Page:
Ferenc Gyurcsány admitted in a leaked address to his parliamentary faction that his government had been systematically lying in order to win the 2006 elections. Once confirmed in power, they pursued an equally reckless austerity policy in order to prove that they were the only ones with “sufficient expertise and credibility” to clean up the mess created by their own policies.

The cynical claim that their behaviour was not any different from what had become the standard added to the scepticism inside and outside the country about the economic prospects of Hungary and also undermined people’s trust in politics, in the market economy and in European and global integration.

Missing the “convergence” targets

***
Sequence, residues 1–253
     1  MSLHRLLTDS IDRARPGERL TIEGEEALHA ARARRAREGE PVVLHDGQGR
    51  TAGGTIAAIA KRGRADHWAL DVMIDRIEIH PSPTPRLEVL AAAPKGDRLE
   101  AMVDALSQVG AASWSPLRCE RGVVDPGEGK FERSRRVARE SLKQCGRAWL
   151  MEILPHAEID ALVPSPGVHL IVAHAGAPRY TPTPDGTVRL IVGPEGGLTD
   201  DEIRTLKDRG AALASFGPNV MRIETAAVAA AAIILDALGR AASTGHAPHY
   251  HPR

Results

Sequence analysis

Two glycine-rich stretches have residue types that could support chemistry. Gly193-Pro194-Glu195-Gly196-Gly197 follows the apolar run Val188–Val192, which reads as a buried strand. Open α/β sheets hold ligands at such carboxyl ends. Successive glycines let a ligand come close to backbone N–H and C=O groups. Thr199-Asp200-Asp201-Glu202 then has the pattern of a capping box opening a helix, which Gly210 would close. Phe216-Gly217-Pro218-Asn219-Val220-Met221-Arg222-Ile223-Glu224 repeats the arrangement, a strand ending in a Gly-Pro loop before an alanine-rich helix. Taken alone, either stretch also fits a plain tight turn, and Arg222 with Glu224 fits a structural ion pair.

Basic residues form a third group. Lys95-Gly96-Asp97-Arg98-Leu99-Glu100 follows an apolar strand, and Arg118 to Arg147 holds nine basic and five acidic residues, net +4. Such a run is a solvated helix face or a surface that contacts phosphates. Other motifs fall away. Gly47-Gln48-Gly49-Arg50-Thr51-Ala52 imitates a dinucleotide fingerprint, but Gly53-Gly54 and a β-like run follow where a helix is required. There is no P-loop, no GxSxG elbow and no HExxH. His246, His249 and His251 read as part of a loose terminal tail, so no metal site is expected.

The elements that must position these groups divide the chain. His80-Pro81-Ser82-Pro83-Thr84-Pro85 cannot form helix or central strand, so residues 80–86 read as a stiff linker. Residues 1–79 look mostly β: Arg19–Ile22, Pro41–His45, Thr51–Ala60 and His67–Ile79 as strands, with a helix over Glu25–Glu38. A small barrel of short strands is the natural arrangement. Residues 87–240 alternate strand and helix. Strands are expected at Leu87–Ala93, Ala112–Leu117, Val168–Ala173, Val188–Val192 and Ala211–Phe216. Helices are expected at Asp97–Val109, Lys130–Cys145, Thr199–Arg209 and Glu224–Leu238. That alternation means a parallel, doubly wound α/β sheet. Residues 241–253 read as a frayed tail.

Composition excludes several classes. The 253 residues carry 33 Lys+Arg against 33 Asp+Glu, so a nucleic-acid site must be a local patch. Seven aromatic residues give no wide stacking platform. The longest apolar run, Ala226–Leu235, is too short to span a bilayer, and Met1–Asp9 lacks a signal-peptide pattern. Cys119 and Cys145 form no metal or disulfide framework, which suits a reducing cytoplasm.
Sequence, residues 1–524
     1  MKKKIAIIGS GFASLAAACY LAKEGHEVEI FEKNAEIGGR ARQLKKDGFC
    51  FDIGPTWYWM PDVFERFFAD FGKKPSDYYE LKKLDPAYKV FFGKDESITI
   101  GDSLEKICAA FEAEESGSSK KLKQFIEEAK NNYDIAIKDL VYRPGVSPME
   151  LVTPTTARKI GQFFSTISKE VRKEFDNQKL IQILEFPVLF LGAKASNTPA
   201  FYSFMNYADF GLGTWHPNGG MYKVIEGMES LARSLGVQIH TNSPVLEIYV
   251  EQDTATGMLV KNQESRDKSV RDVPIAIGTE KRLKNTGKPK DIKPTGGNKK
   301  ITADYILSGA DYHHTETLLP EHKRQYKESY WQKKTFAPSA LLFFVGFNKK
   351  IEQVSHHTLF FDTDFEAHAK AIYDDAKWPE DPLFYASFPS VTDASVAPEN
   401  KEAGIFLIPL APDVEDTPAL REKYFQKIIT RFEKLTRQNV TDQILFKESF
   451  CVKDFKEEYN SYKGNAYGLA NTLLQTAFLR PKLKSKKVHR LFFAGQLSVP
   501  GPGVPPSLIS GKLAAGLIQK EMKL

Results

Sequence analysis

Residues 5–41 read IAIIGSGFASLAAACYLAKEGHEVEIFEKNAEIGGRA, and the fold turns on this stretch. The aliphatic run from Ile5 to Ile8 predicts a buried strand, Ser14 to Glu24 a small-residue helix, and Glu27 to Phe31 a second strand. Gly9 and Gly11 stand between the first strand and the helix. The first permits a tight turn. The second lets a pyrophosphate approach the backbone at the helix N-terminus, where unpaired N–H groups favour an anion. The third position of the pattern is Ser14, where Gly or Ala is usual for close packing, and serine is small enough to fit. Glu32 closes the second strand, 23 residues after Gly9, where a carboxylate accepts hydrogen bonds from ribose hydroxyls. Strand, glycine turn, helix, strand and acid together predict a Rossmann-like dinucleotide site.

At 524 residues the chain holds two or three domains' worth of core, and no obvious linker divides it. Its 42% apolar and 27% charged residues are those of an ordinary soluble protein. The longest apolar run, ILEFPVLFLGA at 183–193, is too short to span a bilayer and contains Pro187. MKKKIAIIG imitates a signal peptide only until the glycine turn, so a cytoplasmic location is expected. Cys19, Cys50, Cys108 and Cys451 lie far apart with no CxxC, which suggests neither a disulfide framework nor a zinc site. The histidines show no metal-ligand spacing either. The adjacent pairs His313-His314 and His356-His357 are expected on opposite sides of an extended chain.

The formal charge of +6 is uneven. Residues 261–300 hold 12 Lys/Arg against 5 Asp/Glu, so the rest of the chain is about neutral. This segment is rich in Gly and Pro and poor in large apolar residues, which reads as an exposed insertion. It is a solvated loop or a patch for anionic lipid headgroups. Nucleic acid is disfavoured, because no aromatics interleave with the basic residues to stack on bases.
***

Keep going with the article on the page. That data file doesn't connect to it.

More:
Under the Socialist-Free Democrat coalition, Hungary consistently failed to fulfil the commitments accepted in the Treaty of Accession and in the framework of the subsequent “excessive deficit procedures”. The failure to live up to commitments was evident in terms of the macroeconomic “Maastricht criteria” as well as in terms of necessary reforms in the economic and social area. The conduct of government business was characterized by bursts of fiscal largesse followed by severe austerity measures and ill-thought-through attempts at reforming the social security system, the health sector, and the pension benefits. At the end of their governance, the legacy of the Socialist-Liberal governments included: a significant deterioration of the domestic and external debt problem, a decline in the living standards of large segments of the Hungarian population, a widening of the social divide and of the geographic imbalance between the prosperous and the depressed regions of the country, high unemployment and low labour participation rates, a top-heavy public administration, and a decline in the country’s potential growth rate.